Chapter 6: Millennial Government
In Revelation 19 is recorded a breathtaking foreglimpse of one of the greatest events ever to take place on planet Earth. It is the union of Christ and His faithful Bride, the one hundred forty-four thousand who are “called, and chosen, and faithful.” One of the first events to follow Christ’s return to earth and the judging of His servants, we might think of it as a “welcome banquet” for the new administrators.
These are John’s notes on what he saw, as recorded in Revelation 19:
“After these things I heard a great voice of much people in heaven”—who were the “people in heaven” that John heard? Who could they be but angels!
“I heard a great voice of much people in heaven, saying, Alleluia; Salvation, and glory, and honour, and power, unto the Lord our God: for true and righteous are his judgments.…” Imagine hearing a host of angels shouting “Alleluia…unto the Lord our God”!
Then “the four and twenty elders and the four beasts fell down and worshipped God that sat on the throne, saying, Amen; Alleluia” (19:4). “God that sat on the throne” is Christ, Emmanuel, “God with us” (Matt. 1:23), the new and glorious King. After the salute “Amen, Alleluia,” comes a voice out of the throne saying, “Praise our God, all ye his servants, and ye that fear him, both small and great.”
Then John heard even more: “And I heard as it were the voice of a great multitude, and as the voice of many waters, and as the voice of mighty thunderings, saying, Alleluia: for the Lord God omnipotent reigneth.” Whose voice did John hear? Again it is the voice of the angels, sounding as “the voice of many waters, and as the voice of mighty thunderings.” And what are they singing? These angels have gathered to celebrate the supreme accomplishment of the members of Christ’s faithful Bride, to give the newly crowned immortals the honors of the high courts of heaven. Hear them as they sing: “Let us be glad, and rejoice, and give honour to him: for the marriage of the Lamb is come, and his wife hath made herself ready.” It is the greatest wedding in the history of the earth.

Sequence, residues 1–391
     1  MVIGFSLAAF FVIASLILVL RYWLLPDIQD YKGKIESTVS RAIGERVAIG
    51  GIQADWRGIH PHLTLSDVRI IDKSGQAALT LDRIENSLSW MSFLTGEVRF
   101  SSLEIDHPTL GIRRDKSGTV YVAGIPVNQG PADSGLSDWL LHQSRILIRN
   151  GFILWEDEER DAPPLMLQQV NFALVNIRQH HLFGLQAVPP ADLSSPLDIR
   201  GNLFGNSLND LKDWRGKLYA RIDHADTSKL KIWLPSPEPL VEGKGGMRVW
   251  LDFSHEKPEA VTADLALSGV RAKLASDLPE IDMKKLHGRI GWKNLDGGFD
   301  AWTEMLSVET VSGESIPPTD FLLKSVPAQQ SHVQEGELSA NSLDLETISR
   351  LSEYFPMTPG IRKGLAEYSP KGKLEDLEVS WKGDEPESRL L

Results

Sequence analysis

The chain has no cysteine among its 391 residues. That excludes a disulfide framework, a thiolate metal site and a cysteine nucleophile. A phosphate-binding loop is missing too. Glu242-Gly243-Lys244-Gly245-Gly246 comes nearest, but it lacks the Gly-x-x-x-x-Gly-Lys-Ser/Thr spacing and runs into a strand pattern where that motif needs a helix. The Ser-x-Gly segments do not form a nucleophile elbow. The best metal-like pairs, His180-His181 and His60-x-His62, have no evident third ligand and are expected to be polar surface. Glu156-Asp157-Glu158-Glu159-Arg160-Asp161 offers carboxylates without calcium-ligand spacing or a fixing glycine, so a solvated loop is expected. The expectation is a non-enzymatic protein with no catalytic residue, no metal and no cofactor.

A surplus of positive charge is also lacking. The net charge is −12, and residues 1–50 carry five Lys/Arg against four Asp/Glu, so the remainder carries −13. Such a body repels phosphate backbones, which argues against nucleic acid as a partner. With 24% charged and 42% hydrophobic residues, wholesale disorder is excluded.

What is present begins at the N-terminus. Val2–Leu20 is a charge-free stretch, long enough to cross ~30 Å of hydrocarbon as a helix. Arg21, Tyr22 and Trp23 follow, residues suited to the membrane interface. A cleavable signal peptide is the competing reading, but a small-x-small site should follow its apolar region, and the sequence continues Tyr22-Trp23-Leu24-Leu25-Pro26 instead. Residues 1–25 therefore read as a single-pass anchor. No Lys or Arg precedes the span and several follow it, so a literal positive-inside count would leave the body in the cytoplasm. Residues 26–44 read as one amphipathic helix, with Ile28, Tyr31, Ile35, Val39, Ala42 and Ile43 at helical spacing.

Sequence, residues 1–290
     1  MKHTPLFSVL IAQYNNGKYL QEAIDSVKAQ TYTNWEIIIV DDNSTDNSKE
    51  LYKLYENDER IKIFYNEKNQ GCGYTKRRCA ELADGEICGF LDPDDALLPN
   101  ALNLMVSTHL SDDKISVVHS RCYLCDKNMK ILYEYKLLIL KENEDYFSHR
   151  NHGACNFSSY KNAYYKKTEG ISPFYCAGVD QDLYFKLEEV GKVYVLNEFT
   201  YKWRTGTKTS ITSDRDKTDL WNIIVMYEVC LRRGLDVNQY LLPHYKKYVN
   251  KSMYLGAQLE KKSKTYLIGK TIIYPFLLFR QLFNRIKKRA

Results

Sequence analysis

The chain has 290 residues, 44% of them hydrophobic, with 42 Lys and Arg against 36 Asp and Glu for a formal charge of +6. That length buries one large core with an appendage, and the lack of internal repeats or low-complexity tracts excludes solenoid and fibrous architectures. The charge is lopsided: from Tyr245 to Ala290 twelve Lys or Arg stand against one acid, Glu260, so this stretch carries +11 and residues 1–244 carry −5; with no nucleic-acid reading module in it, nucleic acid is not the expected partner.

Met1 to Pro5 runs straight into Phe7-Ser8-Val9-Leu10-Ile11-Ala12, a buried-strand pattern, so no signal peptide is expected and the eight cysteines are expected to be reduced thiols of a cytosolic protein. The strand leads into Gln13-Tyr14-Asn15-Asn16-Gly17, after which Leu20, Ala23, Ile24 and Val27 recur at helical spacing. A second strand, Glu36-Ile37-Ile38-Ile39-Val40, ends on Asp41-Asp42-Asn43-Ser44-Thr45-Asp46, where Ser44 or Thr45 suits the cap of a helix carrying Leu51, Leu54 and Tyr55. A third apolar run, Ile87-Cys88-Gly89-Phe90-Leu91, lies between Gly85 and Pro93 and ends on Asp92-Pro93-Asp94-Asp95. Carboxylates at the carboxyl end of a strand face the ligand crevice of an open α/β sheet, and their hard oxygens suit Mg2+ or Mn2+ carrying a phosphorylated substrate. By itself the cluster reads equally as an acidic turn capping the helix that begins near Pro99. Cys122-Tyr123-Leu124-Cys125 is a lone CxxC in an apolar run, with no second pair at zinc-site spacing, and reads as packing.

Then follows the ceremony: “And to her was granted that she should be arrayed in fine linen, clean and white: for the fine linen is the righteousness of saints” (19:7-8). That righteous character which each of these super-accomplishers attained is now granted them as an eternal garment; never again will they be tempted by evil. It is the reward for right living—“fine linen, clean and white,” linen which can never be soiled.
John does not tell much about the ceremony; he says only that the angel told him to write this down: “And he [the angel] saith unto me, Write, Blessed are they which are called unto the marriage supper of the Lamb.” Can we not imagine that John was so engrossed in the magnificent drama that his pen lay motionless? All who were partaking of this glorious marriage feast were blessed! The angel was thinking of others who would like to be informed—including us?—and so he told John specifically: “Write.” Then the angel did more: he gave to John’s words the final seal of surety: “These are the true sayings of God.”
The angel had said so much that John was overwhelmed. It was enough. He fell at the feet of the angel to express the awe and reverence he felt. But the angel stayed this act of worship. “See thou do it not: I am thy fellowservant, and of thy brethren the prophets, and of them which keep the sayings of this book: worship God” (Rev. 22:9). Can we imagine how John felt as this great angel from heaven said in effect, “Don’t worship me, John; you are one with me. Both of us are members of God’s family; let us worship God together.”
Did John ever feel lonely on Patmos? Patmos was no more a prison; it was the portal of heavenly revelation!